Who is preventing “You” from Selling?

by | Change to Goal Achievement & Implementation, Positive Thinking, Sales

How many times have you sat through a sales meeting or any meeting for that matter where you’ve heard someone make the suggestion: “We’ve got to think outside the box.” It’s a phrase that doesn’t need a whole lot of explanation. In fact, it’s seems like the perfect phrase to capture the frustration we experience when our imagination feels trapped and our thoughts appear stuck to the soles of our shoes.

If we think of this metaphorical box as containing the walls that confine our thinking, then by understanding these barriers we open up the opportunity to break free and take control of our negative senses and use the power of our thoughts to develop new ideas and opportunities. In the Little Red Book of Selling, Jeffrey Gittomer outlined the 8.5 negative senses that the subconscious mind presents and projects when selling, which become the walls that paralyze our thinking:

1.    The sense of fear.
2.    The sense of nervousness.
3.    The sense of rejection.
4.    The sense of procrastination or reluctance.
5.    The sense of justification/rationale. 6. The sense of self-doubt.
7.    The sense of uncertainty.
8.     The sense of doom.
8.5.  The sense of “I’m unlucky.”

Understanding that our minds move us in the direction of our current dominant thoughts, we have the ability to penetrate these walls by focusing our attention to our positive thoughts and taking back control. When you begin to feel in control, you begin to radiate positive energy, which leads to (sales) success. According to Gittomer, adopting the following 6 positive sales senses is the way forward….

  1. The sense of confidence…. The air you have about you that’s bred by preparation and previous wins. The best part about confidence is that it’s contagious. You can give it to your prospect. (Don’t confuse confidence with its evil twin – arrogance.)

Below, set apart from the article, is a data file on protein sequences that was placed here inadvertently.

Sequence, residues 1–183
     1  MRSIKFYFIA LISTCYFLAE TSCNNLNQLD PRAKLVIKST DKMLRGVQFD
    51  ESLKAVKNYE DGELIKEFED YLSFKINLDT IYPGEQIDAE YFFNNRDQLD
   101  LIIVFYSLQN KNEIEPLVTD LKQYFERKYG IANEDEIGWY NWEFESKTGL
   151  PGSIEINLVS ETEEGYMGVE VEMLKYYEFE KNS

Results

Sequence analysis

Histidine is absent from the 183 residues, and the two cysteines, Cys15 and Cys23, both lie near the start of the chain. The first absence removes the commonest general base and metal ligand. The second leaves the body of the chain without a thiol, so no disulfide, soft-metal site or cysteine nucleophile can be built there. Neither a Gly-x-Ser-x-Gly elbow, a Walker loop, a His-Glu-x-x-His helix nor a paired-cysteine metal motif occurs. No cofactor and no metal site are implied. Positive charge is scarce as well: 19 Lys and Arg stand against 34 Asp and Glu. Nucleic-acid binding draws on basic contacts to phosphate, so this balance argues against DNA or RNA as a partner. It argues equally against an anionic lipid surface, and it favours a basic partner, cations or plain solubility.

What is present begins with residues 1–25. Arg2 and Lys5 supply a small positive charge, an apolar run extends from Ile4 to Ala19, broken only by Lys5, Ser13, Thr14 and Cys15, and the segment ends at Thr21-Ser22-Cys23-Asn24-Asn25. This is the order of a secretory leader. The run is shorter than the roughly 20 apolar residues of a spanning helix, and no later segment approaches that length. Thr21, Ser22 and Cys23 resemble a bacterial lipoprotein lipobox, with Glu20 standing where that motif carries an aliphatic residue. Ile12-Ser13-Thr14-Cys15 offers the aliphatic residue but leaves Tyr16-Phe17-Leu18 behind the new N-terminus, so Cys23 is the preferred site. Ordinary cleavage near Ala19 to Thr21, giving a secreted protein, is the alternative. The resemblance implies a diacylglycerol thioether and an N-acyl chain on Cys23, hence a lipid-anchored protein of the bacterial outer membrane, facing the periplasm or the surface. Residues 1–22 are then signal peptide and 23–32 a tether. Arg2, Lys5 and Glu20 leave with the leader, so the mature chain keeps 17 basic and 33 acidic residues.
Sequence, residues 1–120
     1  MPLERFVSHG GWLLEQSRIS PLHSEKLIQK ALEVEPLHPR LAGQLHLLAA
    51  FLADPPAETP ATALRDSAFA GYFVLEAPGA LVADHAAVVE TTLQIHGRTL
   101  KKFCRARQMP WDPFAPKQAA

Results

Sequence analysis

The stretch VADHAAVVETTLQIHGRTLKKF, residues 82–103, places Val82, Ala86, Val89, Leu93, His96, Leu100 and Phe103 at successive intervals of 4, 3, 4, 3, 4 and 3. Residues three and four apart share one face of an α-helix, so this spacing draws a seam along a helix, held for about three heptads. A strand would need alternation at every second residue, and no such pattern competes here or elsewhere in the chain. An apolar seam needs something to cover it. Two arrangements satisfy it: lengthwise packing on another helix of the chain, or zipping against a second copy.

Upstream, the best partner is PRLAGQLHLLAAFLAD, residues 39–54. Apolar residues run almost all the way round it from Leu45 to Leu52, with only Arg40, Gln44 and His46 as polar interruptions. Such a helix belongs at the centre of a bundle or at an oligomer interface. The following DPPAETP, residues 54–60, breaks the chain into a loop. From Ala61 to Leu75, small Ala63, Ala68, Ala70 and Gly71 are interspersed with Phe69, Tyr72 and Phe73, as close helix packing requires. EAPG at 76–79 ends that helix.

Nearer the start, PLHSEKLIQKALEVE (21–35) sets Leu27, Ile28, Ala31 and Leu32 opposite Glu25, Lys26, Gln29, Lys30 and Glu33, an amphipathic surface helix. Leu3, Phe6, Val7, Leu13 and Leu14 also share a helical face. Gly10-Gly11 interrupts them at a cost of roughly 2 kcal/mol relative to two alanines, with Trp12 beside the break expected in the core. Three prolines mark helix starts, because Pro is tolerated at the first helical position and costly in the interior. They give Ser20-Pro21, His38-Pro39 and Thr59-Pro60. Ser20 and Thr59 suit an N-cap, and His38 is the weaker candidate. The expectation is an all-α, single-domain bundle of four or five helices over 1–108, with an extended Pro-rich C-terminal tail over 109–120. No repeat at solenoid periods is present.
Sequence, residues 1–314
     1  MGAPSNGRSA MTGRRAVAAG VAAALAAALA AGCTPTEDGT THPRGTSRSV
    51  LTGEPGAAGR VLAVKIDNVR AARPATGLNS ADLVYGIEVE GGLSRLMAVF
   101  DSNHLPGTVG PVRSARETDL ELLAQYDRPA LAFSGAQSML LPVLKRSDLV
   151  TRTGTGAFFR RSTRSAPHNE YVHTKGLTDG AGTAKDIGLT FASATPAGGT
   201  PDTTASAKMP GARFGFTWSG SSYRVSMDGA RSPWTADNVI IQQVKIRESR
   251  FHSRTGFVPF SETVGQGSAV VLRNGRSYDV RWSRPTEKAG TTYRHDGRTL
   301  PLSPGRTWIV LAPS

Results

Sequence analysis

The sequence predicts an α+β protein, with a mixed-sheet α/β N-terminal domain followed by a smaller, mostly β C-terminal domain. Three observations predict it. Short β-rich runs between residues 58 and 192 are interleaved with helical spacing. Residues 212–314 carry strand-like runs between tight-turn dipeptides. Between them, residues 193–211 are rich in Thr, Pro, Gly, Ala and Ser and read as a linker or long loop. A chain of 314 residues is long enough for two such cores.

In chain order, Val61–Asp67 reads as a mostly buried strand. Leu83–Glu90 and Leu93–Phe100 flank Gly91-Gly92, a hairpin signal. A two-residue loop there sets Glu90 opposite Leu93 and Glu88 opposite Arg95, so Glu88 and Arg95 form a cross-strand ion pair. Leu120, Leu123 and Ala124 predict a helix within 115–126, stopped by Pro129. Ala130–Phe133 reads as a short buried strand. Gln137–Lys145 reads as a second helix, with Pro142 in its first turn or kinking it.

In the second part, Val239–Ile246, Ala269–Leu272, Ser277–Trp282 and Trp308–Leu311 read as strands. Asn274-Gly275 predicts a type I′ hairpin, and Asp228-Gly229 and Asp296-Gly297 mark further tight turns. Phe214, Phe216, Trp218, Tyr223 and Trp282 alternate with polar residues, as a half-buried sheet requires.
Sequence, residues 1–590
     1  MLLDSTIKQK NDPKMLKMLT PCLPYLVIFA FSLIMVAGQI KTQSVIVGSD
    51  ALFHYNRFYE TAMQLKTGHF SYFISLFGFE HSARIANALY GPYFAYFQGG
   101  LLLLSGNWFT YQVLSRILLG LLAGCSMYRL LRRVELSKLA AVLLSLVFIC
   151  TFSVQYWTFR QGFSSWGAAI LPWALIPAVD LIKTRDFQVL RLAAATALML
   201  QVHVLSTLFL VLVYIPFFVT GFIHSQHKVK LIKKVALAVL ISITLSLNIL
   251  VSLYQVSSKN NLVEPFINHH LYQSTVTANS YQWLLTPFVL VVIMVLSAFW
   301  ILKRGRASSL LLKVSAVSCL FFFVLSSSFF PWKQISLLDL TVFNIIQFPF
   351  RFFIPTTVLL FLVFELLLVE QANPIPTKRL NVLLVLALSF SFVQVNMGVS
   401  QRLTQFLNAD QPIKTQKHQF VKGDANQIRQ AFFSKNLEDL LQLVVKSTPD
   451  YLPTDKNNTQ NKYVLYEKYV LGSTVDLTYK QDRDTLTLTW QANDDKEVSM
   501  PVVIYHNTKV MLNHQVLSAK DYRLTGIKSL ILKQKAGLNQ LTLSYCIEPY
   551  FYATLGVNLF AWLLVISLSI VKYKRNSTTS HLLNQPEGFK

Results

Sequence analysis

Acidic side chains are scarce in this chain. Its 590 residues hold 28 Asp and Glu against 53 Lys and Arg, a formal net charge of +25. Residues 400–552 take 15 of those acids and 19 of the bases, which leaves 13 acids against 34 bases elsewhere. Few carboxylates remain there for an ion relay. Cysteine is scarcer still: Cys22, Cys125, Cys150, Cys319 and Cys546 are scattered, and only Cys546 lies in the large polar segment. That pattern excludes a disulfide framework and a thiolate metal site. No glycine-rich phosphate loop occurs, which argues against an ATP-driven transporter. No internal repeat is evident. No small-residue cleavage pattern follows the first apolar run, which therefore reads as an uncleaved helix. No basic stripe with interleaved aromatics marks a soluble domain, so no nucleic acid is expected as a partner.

2. The sense of positive anticipation – Everyone has read the best book on the subject before the age of five. – The Little Engine That Could. I think I can, I think I can. Thinking you can is 50% of the outcome (So is thinking you can’t.)
  3. The sense of determination – The sense of hanging in there no matter what. Determination is having the prospect tell you “no,” and you hear it as, “not yet.”
  4. The sense of achievement – Everyone subconsciously strives for their goals. Sensing achievement comes from a replay of the satisfaction you gained from making your last sale. Remember how good it felt?
  5. The sense of winning – Everyone wants to win, but only a few actually do. That’s because the will to prepare to win must exceed the will to win.
  6. The sense of success – This is the hardest sense to master, because you must sense it before you actually achieve it. That calm feeling of money in the bank. An “I can do it” attitude. And a well-lit path in front of you. The sense of positive purpose.

Earl Nightingale, in his legendary tape, “The Strangest Secret,” says, “You become what you think about.” Truer words have never been spoken. But the secret to “The Strangest Secret,” is – It’s a dedicated self-discipline that must be practiced every day. How close to “every day” are you?

The most interesting aspect of “The Strangest Secret,” is that it contains the counter balance to turn all your destructive senses into constructive senses by employing the strongest sense of them all – common sense.

I’m interested in hearing your thoughts on this. Please leave your comment about your thoughts during your sales process.

Jeri Quinn

Jeri Quinn from Driving Improved Results is an executive coach, management consultant, speaker and author who focuses on communication in her work with executives and companies. She is the author of The Customer Loyalty Playbook, 12 Game Strategies to Drive Improved Results in Your Business. With more than 40 years as a serial entrepreneur.

Quinn has worked with executives and teams in over 40 industries, spoken at major business expos including New York City’s Javits Center, facilitated business development and extraordinary customer service at institutions such as MoMA and AIG, and has partnered with New York City, The Kauffman Foundation, Citibank, Merrill Lynch, HSBC, and Signature Bank to educate their clients.


She can be reached at:

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